Pashgian's "Primavera" Is a Sculpture That Can't Be Photographed
|Helen Pashgian, Primavera, 2021. Benton Museum of Art, Pomona College|
Spoiler alert: Below is the most revealing of several grainy iPhone shots I took. The central object of Primavera is a ghostly translucent disk, supported by a transparent stem from the floor. The disk's illumination, from lights on either side of a white-cube proscenium, cycles between very dark and less dark. Before my eyes adjusted to the lighting, the room appeared to be empty (I wondered whether the work had been taken off view). At the peak of the short illumination cycle, the disk casts two clear shadows. The green disk blends seamlessly into the wall. An afterimage effect lends a subtle rose hue to the wall. The green-pink contrast, existing in the viewer's mind, is a Matissean accent that can't be captured in a photograph at all. I would further warn that the photo strikes me as entirely unlike the remembered experience. You really have to be there.
Pashgian is rethinking Robert Irwin's disks of the late 1960s. Irwin's aluminum disks were illuminated by four spotlights arrayed in space, making the disk's circumference nearly imperceptible. Here Pashgian works with time: the Light and Space "slow time" is fast-forwarded. The artist's title conjoins Botticelli's eternal spring with a premonition of decay and a natural cycle out of balance. When the house lights come up, the green spring is a dandelion head gone to seed.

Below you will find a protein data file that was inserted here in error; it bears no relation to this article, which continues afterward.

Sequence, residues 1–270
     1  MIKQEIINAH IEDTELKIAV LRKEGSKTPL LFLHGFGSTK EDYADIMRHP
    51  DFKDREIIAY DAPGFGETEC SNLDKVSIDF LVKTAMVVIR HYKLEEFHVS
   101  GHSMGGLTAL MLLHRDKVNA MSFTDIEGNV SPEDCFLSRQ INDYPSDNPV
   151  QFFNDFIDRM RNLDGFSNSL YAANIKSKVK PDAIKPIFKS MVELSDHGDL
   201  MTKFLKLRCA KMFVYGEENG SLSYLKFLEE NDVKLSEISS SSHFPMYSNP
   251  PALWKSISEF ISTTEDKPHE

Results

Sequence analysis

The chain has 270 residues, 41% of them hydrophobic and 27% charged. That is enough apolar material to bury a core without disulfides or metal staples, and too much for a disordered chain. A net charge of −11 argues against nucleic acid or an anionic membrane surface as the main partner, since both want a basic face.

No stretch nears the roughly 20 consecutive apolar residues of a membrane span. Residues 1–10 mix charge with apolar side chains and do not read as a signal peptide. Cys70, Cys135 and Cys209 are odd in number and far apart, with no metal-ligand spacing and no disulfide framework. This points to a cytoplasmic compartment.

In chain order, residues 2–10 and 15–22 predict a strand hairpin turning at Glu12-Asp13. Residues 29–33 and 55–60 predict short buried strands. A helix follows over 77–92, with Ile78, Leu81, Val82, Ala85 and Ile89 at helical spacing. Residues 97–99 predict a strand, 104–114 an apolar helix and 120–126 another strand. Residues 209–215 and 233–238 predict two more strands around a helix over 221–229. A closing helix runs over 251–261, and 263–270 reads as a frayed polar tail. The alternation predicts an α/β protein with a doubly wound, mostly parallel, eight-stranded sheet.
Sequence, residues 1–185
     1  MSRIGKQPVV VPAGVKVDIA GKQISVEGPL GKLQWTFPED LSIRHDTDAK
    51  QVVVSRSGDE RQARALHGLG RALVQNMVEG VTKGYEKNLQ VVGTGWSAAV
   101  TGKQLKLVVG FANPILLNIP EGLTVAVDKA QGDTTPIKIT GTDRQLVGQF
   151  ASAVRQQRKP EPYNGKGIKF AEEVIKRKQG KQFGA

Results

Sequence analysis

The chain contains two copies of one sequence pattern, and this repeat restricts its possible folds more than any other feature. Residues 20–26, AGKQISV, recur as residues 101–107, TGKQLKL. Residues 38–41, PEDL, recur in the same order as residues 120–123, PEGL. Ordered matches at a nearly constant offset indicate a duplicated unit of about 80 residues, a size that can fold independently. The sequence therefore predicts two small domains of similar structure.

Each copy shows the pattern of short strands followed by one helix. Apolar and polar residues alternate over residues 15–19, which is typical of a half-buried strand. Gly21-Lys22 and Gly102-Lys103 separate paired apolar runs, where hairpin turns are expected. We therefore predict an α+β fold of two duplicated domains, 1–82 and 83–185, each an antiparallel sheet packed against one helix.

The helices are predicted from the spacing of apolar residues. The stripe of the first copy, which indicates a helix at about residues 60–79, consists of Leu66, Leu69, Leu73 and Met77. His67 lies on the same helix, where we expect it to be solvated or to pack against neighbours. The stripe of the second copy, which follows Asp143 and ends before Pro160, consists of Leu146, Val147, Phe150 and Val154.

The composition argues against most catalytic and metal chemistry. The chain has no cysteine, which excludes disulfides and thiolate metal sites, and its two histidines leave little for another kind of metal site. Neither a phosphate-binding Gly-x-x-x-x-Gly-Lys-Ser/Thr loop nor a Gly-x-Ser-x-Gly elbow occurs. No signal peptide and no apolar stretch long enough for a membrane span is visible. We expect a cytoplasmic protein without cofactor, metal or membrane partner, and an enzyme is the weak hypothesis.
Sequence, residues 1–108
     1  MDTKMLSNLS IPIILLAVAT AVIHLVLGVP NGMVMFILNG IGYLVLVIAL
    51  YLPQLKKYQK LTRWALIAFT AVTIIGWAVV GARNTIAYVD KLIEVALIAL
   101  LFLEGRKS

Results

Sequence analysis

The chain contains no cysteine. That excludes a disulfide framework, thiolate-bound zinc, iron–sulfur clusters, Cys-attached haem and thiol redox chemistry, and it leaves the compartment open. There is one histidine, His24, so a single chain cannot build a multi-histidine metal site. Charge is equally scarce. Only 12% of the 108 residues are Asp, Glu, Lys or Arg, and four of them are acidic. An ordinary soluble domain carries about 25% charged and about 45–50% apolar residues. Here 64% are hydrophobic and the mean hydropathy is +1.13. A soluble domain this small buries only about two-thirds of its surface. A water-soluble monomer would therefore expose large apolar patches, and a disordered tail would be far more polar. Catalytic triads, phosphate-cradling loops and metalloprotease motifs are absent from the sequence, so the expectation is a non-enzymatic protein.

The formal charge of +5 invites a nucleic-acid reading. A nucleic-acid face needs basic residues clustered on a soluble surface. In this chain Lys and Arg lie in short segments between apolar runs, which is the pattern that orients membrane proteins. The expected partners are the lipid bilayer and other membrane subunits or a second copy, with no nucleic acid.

On the museum website it says her art "contains" illumination.
I checked for her at the Met and MoMA. No joy. Sad.
So, I went to the New Museum. Evidently there's no search function for artists, or to its permanent collection...what slackers. I assume it has one. Tragic.
Following is further text from Benton's web site:
Helen Pashgian is a pioneer of the 1960s Light and Space movement in Southern California. Over the course of her career, Pashgian has produced a significant series of sculptures comprised of vibrantly colored columns, discs, and spheres that often feature an isolated element appearing suspended, embedded, or encased within. Using an innovative application of industrial epoxies, plastics, and resins, Pashgian’s works are characterized by their semi-translucent surfaces that appear to filter and somehow contain illumination. For Pashgian, she thinks of her works as “presences” in space—presences that do not reveal everything at once.
Trained as an art historian with a focus on seventeenth-century Dutch art, Pashgian’s reverence for painter Johannes Vermeer has been fundamental to her longstanding interest in the effects and perception of light. While she has gravitated towards experimenting with non-traditional materials, her primary concern has always been to maintain light as the object and subject of her work. For the artist, light is not simply a metaphor, symbol, or allegory; light itself is both the medium and the message.